Nov. 16, 2010 -- While Congress decides whether to repeal the return of the federal estate tax, leaving much needed income to close the growing budget deficit hanging in the balance, some Christian taxpayers are using ethical and theological arguments on opposite sides of the debate.
Gary Dawson, a coal miner in Gilette, Wyo., said the Bible clearly mandates people to help the poor, but paying additional taxes to the government is detrimental to such a call.
"I just think people need to understand that our creator blessed us in different ways," Dawson said. "I think the government as the great equalizer is equivalent to theft."
If the estate tax returns as scheduled Jan. 1, 2011, after a one-year hiatus, the estates of the richest Americans will be taxed at 55 percent, with an exemption of $1 million for individuals. The bill that the House passed in 2009, but which the Senate stalled, called for a maximum tax rate of 45 percent on an estate and a $3.5 million exemption.
Congress reconvened Monday for the first time since the Nov. 2 election, and it is unclear what changes will be made before the estate tax repeal expires.
There are "ongoing conversations taking place," said a representative for Rep. Sander Levin, D-Mich., the chairman of the House Ways and Means committee, which has jurisdiction over tax issues.
The American Family Business Institute, a secular trade association of family business owners working to repeal the estate tax completely, estimated that 245 members of the House and 49 members of the Senate will likely vote for a repeal of the estate tax.
Adam Nicholson, a spokesman for the institute, said these numbers create a majority in the House and near-majority in the Senate. "Those are the base, minimum numbers we have," Nicholson said of the lame-duck Congress.
President Obama has invited leaders to a bipartisan meeting Thursday, when he hopes to discuss, among other topics, the tax cuts passed in 2001 and 2003. Although the estate tax mostly affects the richest Americans, changes in other taxes, such as those on dividends, capital gains and the Alternative Minimum Tax, may affect a broader base of taxpayers.
A Bad Experience With Estate Tax
Coal miner Dawson, 44, said he is not a member of the highest tax bracket but is still passionate about the estate tax issue from a Biblical perspective.
"I want to use my wealth for God's glory, not to build a swimming pool in my backyard and buy a new pickup," Dawson said.
Coal miners in his region, he said, have an average annual salary of $70,000 to $80,000. "Once I get the needs of my family taken care of, I take care of extended family, neighbors and friends," he said.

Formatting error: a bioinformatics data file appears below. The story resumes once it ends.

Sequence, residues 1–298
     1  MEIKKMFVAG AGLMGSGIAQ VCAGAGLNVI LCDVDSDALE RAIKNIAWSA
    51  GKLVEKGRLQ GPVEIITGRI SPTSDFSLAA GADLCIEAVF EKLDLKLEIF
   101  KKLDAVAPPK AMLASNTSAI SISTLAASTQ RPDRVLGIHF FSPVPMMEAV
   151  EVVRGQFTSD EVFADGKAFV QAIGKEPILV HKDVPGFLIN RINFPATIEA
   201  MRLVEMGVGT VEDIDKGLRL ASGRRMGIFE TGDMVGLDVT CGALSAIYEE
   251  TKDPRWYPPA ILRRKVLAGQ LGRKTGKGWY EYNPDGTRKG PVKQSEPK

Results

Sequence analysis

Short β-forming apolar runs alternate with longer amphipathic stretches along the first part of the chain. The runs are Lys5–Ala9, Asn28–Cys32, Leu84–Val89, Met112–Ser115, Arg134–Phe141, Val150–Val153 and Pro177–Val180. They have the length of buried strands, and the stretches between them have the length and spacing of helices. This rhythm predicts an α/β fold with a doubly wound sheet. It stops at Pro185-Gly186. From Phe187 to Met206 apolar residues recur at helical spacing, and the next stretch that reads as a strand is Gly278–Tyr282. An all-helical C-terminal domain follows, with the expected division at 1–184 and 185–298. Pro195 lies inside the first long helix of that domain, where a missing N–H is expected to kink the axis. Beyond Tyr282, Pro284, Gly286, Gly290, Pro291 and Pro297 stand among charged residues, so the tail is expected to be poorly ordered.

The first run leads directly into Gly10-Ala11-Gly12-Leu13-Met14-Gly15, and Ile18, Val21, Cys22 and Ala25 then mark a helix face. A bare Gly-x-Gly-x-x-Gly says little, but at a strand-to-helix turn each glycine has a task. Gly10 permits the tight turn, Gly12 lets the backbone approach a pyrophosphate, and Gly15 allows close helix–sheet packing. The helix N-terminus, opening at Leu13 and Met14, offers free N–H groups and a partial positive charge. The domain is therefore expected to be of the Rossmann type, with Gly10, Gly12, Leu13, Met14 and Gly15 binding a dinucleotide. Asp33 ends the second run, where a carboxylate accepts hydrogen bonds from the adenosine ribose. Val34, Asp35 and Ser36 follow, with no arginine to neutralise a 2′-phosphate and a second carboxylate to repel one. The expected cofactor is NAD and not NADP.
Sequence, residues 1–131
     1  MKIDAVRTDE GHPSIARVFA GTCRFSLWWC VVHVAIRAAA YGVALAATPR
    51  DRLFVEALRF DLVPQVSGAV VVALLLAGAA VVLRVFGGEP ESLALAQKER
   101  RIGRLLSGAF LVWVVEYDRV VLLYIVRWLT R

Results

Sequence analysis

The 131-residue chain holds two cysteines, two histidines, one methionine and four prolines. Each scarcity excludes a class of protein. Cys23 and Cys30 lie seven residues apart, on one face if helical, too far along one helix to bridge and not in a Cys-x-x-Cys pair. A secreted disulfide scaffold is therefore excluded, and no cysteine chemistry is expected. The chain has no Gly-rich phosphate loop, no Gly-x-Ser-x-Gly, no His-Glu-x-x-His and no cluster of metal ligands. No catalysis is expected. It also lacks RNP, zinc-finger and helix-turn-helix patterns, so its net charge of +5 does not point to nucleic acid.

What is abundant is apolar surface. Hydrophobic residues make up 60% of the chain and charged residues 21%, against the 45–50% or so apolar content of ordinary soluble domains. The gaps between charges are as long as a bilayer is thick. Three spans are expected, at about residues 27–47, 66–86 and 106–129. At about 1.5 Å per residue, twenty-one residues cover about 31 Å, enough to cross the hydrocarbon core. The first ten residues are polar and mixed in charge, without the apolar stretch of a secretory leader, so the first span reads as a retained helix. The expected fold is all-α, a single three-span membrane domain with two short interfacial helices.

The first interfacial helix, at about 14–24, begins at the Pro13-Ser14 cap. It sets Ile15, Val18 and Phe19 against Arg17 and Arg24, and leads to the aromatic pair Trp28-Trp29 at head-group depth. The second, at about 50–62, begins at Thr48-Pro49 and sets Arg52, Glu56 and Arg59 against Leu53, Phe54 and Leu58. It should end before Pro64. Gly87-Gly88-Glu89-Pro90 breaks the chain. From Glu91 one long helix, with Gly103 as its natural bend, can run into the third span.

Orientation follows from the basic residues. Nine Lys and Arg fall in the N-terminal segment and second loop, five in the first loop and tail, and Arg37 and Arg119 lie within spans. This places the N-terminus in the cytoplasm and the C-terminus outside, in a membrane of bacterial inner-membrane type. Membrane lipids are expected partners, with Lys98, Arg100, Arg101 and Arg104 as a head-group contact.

He said excessive estate tax laws contributed to his family's financial problems. His parents ran into financial troubles when he was in high school and taxes on his deceased grandfather's estate contributed to his family's bankruptcy.
Dawson said he does not wish similar circumstances on his children and hopes to teach them financial discipline, including instilling the value of financial generosity.
"Yes, we're concerned about the poor, but we want to do it," he said. "When the government forcibly takes your things, then that's compulsory and no longer charity. It's not something I'm doing because I love my neighbor and I love God. It's because the government will throw me in jail if I don't comply."
Jim Wallis, founder and editor of the progressive evangelical magazine Sojourners, is against a complete repeal of the estate tax. He said reinstating the estate tax is a matter of justice.
"Inequality is a fundamental biblical concern. We have been increasing the gap between rich and poor for a long time," Wallis said. "The only people affected by the estate tax are the super rich, and the super rich can afford to pay it. They owe it back to society and they should pay it."
In his book, "Rediscovering Values: On Wall Street, Main Street and Your Street," Wallis pointed to the growing disparity in U.S. income levels and, conversely, the shrinking "prosperity sharing" sentiment across the country.
Although he said the Bible is not specific about tax rates and exemption values, Wallis is in favor of a "vigorous" estate tax.
Enough Is Enough
"With the war going on, everyone has a responsibility to pitch in," Wallis said. "This is a way for people to contribute; to overcome tough issues in our society."
Eugene Sukup, 81, advocated for a middle-ground on the estate tax issue as a Christian. He and his wife built Sukup Manufacturing Co. 47 years ago in Sheffield, Iowa, and he is intentional about giving away at least 10 percent of his income, as the Bible indicates.
Sukup said the company, which makes grain handling, drying and storage equipment, only recently reached its success in the past 10 years through the management of his sons. He said he believes it would be an injustice for his two sons or six grandchildren to have to pay excessive taxes when he dies, on top of the corporate and income taxes he pays annually.
"I'm not saying we shouldn't pay taxes. We all have a debt," said Sukup, who hopes Congress passes an estate tax of 25 to 35 percent.
"Don't you think that's enough? I paid taxes on the business all these years. I think they should be reasonable about this."